“Just cheer up!” “Try not to think about it!” “Stop being so depressed!”
If I earned a pound for every time someone told me that, I’d be able to pay my rent a lot easier, to say the least.
At the beginning of my second year at university, everything went downhill. A four year relationship had just finished and I had just moved four hours away from my hometown. Add the never-ending lack of money and not knowing what to do with myself at 20-years old, I had hit rock bottom. A few weeks went by, and I could feel myself falling into a state of mind I had never felt before. I couldn’t sleep, I didn’t want to eat and I hated myself every time I looked in the mirror.
It all started when I decided to go and see my GP to try and blag some strong sleeping pills. I was spending every day running on 3-4 hours of sleep, and knew it was affecting my work. After having a conversation (and a good cry) to my GP, she told me that I was showing mild symptoms of depression.
Hearing the word ‘depression’ made me want to laugh – yeah, I was feeling down. I was sad; I was tired, but depressed? Definitely not. I denied it. I kept telling the doctor and myself that I was fine, that I had no reason to be depressed. She told me to take antidepressants and to maybe, “get some help." The thought made me shudder.
Now I knew they wouldn’t be a miracle cure – I know people that take them and have done for months and years – but I was apprehensive. I then wrote to my university, where they offer free counselling.. While I was happy to finally do something about my state, I was afraid to admit I was weak.
A few weeks had passed – no effect from the tablets but finally heard from my counsellor. I was to see him in 2 days. I didn’t think much about it until 10 minutes before my meeting. I was shaking; scared to tell someone I didn’t even know my issues that seemed so minor.
Sitting down in his office, he welcomed me softly. There was a glass of water and a box of tissues on the table, as well as leaflets for every issue going. He made me fill out an evaluation form, where the results after displayed on a graph. Thinking I wouldn’t be too bad, I filled the form out. When I saw the graph, I gasped.
My counsellor looked at me worried. The results showed that I was well under the average, and that I was so unhappy that there was concern about my mental health. I laughed it off, pretending that it didn’t hurt me, when in reality, I was shocked. Then, he sat me down, and told me to talk.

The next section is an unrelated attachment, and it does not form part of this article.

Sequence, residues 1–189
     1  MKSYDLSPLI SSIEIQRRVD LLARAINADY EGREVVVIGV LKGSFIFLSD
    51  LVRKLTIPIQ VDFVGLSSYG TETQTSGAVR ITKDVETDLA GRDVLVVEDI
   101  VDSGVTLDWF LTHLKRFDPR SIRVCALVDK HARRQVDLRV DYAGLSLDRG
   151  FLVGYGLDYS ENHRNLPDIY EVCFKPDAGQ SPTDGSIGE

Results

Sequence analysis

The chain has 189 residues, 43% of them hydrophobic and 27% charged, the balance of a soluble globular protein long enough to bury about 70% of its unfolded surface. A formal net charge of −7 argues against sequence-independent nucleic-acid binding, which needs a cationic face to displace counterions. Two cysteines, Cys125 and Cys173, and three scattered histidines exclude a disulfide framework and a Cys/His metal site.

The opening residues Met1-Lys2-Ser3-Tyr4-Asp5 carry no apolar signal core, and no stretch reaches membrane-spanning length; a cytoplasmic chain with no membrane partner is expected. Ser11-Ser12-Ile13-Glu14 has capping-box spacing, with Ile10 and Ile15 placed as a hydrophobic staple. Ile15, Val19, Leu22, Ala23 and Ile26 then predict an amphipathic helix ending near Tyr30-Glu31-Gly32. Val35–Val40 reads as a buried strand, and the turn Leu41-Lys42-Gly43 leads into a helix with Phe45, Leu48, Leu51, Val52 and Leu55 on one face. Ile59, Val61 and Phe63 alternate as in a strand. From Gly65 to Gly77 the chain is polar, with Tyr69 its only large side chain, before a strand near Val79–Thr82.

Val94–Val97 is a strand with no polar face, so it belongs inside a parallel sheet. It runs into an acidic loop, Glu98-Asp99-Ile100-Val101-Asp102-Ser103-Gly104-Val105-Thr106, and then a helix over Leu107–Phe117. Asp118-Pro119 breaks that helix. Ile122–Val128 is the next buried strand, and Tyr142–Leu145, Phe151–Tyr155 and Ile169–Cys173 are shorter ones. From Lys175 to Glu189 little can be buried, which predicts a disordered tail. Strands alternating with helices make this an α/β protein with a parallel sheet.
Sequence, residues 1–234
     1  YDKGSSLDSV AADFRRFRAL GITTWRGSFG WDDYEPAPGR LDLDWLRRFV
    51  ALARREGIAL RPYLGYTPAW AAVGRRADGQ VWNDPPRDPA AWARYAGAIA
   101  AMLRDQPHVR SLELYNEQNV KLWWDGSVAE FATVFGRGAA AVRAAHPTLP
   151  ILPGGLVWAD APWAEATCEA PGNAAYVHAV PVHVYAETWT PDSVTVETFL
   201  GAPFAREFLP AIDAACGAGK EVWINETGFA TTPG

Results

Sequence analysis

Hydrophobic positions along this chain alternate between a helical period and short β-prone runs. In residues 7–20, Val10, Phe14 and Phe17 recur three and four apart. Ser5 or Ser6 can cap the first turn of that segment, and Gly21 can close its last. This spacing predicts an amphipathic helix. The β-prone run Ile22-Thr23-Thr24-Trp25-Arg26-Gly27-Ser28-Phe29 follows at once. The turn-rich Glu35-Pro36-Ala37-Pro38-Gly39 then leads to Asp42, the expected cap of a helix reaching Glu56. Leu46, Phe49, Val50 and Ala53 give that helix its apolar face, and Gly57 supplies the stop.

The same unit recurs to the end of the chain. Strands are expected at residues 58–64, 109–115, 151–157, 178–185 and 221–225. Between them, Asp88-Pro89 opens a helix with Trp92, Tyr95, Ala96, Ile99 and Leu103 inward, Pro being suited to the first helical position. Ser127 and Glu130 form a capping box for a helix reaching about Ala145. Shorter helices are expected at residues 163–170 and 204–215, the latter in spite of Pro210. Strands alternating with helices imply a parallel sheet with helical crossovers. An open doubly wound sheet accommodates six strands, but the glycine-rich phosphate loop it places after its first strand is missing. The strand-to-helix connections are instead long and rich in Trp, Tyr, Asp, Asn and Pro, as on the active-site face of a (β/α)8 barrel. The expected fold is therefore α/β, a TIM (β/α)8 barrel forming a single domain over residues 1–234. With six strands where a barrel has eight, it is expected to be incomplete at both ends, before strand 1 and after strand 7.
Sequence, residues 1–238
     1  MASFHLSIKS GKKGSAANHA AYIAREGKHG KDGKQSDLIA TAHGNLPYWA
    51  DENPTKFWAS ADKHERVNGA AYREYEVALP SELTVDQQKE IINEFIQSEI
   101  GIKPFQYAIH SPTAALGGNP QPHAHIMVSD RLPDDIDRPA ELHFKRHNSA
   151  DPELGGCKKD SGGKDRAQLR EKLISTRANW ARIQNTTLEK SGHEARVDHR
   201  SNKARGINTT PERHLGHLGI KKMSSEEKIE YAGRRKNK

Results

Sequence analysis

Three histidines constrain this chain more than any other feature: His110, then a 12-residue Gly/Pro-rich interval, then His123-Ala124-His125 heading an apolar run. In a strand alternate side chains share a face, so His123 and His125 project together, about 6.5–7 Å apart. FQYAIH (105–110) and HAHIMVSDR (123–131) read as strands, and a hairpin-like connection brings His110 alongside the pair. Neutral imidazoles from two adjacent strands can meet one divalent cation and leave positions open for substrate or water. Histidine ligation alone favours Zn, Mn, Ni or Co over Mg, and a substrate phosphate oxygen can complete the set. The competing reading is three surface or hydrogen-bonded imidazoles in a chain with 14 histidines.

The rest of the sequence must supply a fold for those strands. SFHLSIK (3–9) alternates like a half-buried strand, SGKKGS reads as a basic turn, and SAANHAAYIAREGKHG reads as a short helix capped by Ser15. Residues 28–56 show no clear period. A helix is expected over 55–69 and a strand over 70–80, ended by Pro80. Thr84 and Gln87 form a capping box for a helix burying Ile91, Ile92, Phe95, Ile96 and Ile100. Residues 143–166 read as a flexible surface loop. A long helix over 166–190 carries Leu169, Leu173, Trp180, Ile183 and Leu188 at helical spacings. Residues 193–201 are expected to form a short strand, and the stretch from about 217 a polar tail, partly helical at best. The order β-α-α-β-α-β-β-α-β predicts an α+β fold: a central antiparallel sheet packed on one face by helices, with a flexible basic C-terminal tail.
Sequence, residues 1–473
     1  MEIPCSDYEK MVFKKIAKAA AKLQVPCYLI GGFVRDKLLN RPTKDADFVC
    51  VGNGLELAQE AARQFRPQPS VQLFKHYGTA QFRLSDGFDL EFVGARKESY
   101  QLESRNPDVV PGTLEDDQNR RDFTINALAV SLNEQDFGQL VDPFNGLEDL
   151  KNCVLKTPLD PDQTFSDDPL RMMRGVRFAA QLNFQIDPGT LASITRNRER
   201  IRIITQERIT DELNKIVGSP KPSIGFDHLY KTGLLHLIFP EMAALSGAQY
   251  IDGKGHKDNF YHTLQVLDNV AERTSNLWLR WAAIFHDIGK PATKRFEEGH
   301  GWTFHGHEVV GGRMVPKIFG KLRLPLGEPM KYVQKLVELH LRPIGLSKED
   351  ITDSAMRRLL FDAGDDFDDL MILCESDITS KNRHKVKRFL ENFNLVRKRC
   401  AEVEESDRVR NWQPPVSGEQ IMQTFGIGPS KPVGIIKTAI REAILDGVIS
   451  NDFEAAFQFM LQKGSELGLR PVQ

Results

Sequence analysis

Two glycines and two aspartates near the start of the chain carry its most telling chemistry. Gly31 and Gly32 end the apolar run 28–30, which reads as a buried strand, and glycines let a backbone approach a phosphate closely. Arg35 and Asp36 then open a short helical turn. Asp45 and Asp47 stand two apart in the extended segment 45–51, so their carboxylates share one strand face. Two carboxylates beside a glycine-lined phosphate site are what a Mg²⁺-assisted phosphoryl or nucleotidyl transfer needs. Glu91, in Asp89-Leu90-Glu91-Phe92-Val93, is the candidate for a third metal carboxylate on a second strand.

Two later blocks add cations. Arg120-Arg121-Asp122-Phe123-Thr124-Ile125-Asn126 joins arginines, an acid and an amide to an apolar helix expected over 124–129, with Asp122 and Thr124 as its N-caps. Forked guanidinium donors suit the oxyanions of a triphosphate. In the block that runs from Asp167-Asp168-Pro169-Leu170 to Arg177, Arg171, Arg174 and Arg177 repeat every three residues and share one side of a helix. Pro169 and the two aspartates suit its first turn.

I laughed as I described how I felt, and my counsellor reciprocated nervously. However, the laughter soon turned to tears. All of a sudden, I felt tears running down my face. I couldn’t stop, and he just listened. 5 minutes later…I felt better. And yet, he continued to listen.
As the weeks went on, I visited him a few more times. I spent a lot of time crying, but I felt happier every time I returned. He taught me breathing exercises and told me how to calm down in stressful times. He listened to me rant about minor things that had pissed me off that day, and shouted with me when I screamed every expletive under the sun. I had also realised that I hadn’t taken my anti-depressants for over a month…I was getting there.
It took me a long time, and I still don’t feel like I’m 100%. However, I’m feeling much better. My depression doesn’t seem as bad every day as it used to, and after 5 months of counselling, I was able to tell my counsellor that I was ready to officially leave counselling and use everything he taught me to help me with stressful times.
It isn’t feeling down. It’s a place where I would never want anyone to visit. My experience does not necessarily reflect others’, and one person suffers differently than the next. However, telling someone to just “cheer up” or “stop being depressed” does not help. Telling someone with depression to lighten up does not make them feel better – it makes them feel worse for expressing their emotions. The best support? Just listen. Listen and provide support. It is hard, but just let them rant.
And for anyone suffering with depression, talk to someone. Anyone. If you can get counselling, take it. Talking to someone that doesn’t know you means there is no judgement about any decisions you have made, and there is strict doctor-patient confidentiality. But don’t suffer in silence.